Great Britain is an island in the North Atlantic Ocean off the northwest coast of continental Europe. With an area of 209,331 km2, it is the largest of the British Isles, the largest European island, the ninth-largest island in the world. In 2011, Great Britain had a population of about 61 million people, making it the world's third-most populous island after Java in Indonesia and Honshu in Japan; the island of Ireland is situated to the west of Great Britain, together these islands, along with over 1,000 smaller surrounding islands, form the British Isles archipelago. The island is dominated by a maritime climate with quite narrow temperature differences between seasons. Politically, Great Britain is part of the United Kingdom of Great Britain and Northern Ireland, constitutes most of its territory. Most of England and Wales are on the island; the term "Great Britain" is used to include the whole of England and Wales including their component adjoining islands. A single Kingdom of Great Britain resulted from the union of the Kingdom of England and the Kingdom of Scotland by the 1707 Acts of Union.
In 1801, Great Britain united with the neighbouring Kingdom of Ireland, forming the United Kingdom of Great Britain and Ireland, renamed the "United Kingdom of Great Britain and Northern Ireland" after the Irish Free State seceded in 1922. The archipelago has been referred to by a single name for over 2000 years: the term'British Isles' derives from terms used by classical geographers to describe this island group. By 50 BC Greek geographers were using equivalents of Prettanikē as a collective name for the British Isles. However, with the Roman conquest of Britain the Latin term Britannia was used for the island of Great Britain, Roman-occupied Britain south of Caledonia; the earliest known name for Great Britain is Albion or insula Albionum, from either the Latin albus meaning "white" or the "island of the Albiones". The oldest mention of terms related to Great Britain was by Aristotle, or by Pseudo-Aristotle, in his text On the Universe, Vol. III. To quote his works, "There are two large islands in it, called the British Isles and Ierne".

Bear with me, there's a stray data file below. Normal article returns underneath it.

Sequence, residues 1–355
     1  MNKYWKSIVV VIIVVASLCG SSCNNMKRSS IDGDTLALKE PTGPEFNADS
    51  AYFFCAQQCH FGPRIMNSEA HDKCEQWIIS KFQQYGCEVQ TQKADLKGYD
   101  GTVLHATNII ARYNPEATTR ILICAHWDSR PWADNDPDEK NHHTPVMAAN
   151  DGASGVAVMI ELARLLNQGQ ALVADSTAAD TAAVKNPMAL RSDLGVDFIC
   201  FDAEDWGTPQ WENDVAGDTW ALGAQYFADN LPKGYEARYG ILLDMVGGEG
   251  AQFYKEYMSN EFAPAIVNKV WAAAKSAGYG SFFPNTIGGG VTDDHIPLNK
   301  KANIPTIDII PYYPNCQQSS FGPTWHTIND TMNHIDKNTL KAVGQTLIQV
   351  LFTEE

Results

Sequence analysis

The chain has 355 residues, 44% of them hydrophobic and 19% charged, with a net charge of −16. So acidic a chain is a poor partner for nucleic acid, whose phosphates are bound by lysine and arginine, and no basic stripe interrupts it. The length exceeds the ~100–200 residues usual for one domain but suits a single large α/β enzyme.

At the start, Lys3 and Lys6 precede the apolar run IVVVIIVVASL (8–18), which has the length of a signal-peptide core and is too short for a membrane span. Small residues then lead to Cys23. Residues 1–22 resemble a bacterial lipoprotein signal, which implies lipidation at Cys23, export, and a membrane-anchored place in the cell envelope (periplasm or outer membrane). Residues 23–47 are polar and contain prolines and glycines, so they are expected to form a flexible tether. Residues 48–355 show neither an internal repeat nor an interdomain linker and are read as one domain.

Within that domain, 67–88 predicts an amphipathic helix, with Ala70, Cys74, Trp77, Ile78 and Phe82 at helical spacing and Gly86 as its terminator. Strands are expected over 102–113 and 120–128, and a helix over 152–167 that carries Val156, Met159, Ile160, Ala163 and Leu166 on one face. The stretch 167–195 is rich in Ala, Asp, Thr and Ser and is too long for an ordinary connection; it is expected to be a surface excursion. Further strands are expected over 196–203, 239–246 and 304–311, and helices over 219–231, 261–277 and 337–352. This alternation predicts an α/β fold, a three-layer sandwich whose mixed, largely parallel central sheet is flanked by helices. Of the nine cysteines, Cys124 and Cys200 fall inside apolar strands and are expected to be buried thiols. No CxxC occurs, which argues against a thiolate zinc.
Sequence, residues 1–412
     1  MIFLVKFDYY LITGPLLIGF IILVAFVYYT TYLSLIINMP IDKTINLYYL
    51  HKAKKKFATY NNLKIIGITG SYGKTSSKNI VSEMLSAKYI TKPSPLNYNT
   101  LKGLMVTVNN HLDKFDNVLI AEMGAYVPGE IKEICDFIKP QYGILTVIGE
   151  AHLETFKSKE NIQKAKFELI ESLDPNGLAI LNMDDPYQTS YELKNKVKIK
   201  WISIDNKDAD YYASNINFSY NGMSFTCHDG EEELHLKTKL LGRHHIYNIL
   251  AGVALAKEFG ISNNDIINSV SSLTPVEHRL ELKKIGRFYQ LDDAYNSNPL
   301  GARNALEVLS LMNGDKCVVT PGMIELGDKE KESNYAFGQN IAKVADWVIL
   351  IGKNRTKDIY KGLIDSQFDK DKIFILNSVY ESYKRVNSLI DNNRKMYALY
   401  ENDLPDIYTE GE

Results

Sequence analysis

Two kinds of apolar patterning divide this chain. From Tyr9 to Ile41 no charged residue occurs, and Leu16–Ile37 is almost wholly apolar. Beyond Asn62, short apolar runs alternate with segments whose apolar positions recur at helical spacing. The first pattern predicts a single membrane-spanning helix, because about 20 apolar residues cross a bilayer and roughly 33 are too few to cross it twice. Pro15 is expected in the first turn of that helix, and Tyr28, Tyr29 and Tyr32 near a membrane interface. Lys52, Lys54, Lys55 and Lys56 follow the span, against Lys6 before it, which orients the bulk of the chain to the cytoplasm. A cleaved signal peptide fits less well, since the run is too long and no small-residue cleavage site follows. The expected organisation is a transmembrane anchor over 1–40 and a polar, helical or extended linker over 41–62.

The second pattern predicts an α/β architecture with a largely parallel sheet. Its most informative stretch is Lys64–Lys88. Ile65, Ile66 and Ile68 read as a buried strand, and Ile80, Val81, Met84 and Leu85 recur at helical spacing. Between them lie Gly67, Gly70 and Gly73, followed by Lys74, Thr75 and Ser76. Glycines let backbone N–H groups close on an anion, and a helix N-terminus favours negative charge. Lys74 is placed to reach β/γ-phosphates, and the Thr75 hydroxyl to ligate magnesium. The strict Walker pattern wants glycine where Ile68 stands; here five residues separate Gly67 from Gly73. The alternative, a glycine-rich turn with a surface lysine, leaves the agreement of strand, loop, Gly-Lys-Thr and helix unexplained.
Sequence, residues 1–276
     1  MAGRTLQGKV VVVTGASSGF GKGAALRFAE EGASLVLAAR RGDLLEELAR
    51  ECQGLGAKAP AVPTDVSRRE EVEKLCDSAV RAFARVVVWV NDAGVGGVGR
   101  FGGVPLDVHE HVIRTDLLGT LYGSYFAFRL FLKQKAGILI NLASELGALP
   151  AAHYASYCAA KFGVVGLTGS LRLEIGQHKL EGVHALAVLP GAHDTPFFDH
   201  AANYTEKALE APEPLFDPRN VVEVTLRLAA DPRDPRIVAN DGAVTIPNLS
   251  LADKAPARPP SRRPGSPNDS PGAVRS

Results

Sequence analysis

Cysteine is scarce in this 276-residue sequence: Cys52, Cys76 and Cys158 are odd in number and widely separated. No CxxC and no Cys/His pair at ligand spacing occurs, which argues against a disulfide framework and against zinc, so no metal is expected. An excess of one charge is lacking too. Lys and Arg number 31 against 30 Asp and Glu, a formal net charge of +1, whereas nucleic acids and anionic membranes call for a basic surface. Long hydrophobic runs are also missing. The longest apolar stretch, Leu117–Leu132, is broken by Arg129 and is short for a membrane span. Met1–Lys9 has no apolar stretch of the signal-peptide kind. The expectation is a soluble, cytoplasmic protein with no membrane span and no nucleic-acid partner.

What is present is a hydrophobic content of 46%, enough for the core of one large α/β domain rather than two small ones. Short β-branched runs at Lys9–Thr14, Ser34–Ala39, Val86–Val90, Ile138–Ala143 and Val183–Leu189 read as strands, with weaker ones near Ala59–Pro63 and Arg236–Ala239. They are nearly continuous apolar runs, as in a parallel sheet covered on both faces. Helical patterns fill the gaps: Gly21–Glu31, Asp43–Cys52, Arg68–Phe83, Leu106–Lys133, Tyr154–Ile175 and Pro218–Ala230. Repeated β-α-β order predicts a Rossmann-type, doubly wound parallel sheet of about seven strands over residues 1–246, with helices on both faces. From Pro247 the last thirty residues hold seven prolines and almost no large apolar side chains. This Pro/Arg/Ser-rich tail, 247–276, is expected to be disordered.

Pliny the Elder in his Natural History records of Great Britain: "Its former name was Albion. Old French Bretaigne and Middle English Bretayne, Breteyne; the French form replaced the Old English Breoton, Bryten, Breten. Britannia was used by the Romans from the 1st century BC for the British Isles taken together, it is derived from the travel writings of the Pytheas around 320 BC, which described various islands in the North Atlantic as far north as Thule. Marcian of Heraclea, in his Periplus maris exteri, described the island group as αἱ Πρεττανικαὶ νῆσοι; the peoples of these islands of Prettanike were called the Priteni or Pretani. Priteni is the source of the Welsh language term Prydain, which has the same source as the Goidelic term Cruithne used to refer to the early Brythonic-speaking inhabitants of Ireland; the latter were called Picts or Caledonians by the Romans. Greek historians Diodorus of Sicily and Strabo preserved variants of Prettanike from the work of Greek explorer Pytheas of Massalia, who travelled from his home in Hellenistic southern Gaul to Britain in the 4th century BC.